Blizzard Hacked And Scrambled Passwords Leaked
Passwords have been compromised but World of Warcraft creator took precautions to protect user accounts
Blizzard, the games developer behind major titles like World of Warcraft and Diablo III, has admitted its network was hacked and user login information was stolen.
It said there was no evidence credit card details or real names of customers were compromised, however the culprits managed to take “cryptographically scrambled” Battle.net passwords of North American users. Battle.net is Blizzard’s online multiplayer service, where players can compete with each other in some of the developer’s most popular titles.
US gamers’ answers to personal security questions were also stolen, as were mobile and dial-in authenticators. For global users, it seems that just some email addresses were illegally accessed.
“Based on what we currently know, this information alone is NOT enough for anyone to gain access to Battle.net accounts,” said Blizzard co-founder and president Mike Morhaime.
“We use Secure Remote Password protocol (SRP) to protect these passwords, which is designed to make it extremely difficult to extract the actual password, and also means that each password would have to be deciphered individually. As a precaution, however, we recommend that players on North American servers change their password.
“As a reminder, phishing emails will ask you for password or login information. Blizzard Entertainment emails will never ask for your password. We deeply regret the inconvenience to all of you.”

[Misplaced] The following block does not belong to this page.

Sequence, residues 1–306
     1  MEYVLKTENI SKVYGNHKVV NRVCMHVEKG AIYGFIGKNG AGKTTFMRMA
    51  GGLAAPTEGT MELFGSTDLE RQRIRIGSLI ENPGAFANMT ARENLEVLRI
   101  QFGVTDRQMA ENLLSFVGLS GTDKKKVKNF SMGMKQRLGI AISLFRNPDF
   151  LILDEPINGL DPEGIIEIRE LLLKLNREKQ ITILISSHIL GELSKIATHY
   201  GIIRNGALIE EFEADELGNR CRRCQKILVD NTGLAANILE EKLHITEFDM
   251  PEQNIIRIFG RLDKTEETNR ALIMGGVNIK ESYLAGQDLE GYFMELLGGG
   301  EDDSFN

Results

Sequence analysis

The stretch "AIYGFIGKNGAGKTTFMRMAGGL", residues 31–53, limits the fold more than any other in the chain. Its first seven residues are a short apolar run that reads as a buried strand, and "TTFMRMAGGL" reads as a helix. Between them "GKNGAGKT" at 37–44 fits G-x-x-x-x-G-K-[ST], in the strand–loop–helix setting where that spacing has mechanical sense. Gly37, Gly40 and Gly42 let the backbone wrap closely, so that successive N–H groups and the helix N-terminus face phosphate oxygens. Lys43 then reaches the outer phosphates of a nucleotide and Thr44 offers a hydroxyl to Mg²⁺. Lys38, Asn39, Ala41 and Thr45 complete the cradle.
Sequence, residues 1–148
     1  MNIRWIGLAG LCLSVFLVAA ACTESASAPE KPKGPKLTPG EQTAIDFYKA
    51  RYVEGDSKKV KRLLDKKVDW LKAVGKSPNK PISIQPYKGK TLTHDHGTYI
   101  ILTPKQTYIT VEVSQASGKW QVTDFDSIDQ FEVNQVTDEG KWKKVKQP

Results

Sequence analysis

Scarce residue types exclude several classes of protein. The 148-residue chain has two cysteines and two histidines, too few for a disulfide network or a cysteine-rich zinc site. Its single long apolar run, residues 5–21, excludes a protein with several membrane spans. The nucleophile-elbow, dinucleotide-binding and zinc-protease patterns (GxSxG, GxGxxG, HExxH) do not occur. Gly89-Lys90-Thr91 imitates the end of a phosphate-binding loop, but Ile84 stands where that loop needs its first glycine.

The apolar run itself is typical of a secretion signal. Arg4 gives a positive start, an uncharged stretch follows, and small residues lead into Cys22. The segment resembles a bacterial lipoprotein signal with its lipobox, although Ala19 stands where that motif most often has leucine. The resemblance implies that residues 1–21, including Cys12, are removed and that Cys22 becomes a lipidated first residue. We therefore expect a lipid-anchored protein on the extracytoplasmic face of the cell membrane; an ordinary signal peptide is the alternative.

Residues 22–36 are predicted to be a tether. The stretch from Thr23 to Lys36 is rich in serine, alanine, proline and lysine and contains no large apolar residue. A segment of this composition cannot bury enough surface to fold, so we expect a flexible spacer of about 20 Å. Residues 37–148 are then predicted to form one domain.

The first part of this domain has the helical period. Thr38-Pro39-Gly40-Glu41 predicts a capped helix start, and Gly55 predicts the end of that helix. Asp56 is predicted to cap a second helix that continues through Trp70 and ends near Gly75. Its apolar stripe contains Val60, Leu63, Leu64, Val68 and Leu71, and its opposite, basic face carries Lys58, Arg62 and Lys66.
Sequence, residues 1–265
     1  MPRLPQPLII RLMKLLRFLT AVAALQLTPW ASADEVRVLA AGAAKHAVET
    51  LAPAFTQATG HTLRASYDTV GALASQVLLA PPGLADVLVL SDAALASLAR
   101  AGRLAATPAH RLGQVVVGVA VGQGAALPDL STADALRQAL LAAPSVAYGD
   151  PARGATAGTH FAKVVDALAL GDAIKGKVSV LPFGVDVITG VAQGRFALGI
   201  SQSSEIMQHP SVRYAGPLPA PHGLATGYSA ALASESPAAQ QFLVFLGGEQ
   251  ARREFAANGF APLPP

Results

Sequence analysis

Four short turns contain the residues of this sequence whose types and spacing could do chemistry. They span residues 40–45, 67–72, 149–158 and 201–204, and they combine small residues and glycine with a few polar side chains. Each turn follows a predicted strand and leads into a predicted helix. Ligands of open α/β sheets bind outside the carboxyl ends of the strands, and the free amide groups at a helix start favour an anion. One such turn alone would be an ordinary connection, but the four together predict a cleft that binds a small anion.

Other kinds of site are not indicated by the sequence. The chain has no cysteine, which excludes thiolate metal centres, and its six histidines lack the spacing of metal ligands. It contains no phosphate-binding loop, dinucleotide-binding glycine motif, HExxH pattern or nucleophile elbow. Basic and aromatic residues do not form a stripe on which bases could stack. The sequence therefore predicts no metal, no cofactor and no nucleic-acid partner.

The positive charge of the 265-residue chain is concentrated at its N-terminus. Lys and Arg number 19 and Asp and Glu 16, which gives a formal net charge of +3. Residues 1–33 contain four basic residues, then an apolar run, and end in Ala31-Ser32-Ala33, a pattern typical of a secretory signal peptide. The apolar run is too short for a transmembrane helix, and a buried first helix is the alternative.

Another day, another password breach
There have been a number of significant password thefts this year. The biggest hit social network LinkedIn, which saw 6.5 million passwords leaked online. In that case, the passwords were hashed, but not salted, making it easier for hackers to figure out what the plain text was and potentially access user accounts.
Brian Spector, CEO of cloud security vendor CertiVox, believes the old model of username and password login does not work, largely because companies hold the details in one place online, sometimes without the right protection. That makes them a prime target for hackers.
“Hacking is a business, so hackers go for targets where they are likely to get a decent return on their efforts. For example, a website that has usernames and passwords stored on it in a vulnerable file, because that data can be used, in turn, to compromise many other user accounts,” Spector told TechWeekEurope.
“As long as the inherently weak username/password login method continues to be the norm for accessing websites, it will always be more productive for hackers to target user data, because it is very easy to translate into cold, hard cash.”
Games companies are a particularly attractive target. In November last year, Valve admitted attackers compromised some forum accounts on the Steam gaming service. That attack came seven months after Sony was hit, leaking data relating to over 100 million users.
The Information Commissioner’s Office (ICO) told TechWeekEurope a decision on Sony was expected soon. However, there appears to be something of a delay. The deputy commissioner David Smith said in late March that the decision was coming in six weeks, but nothing has yet emerged.
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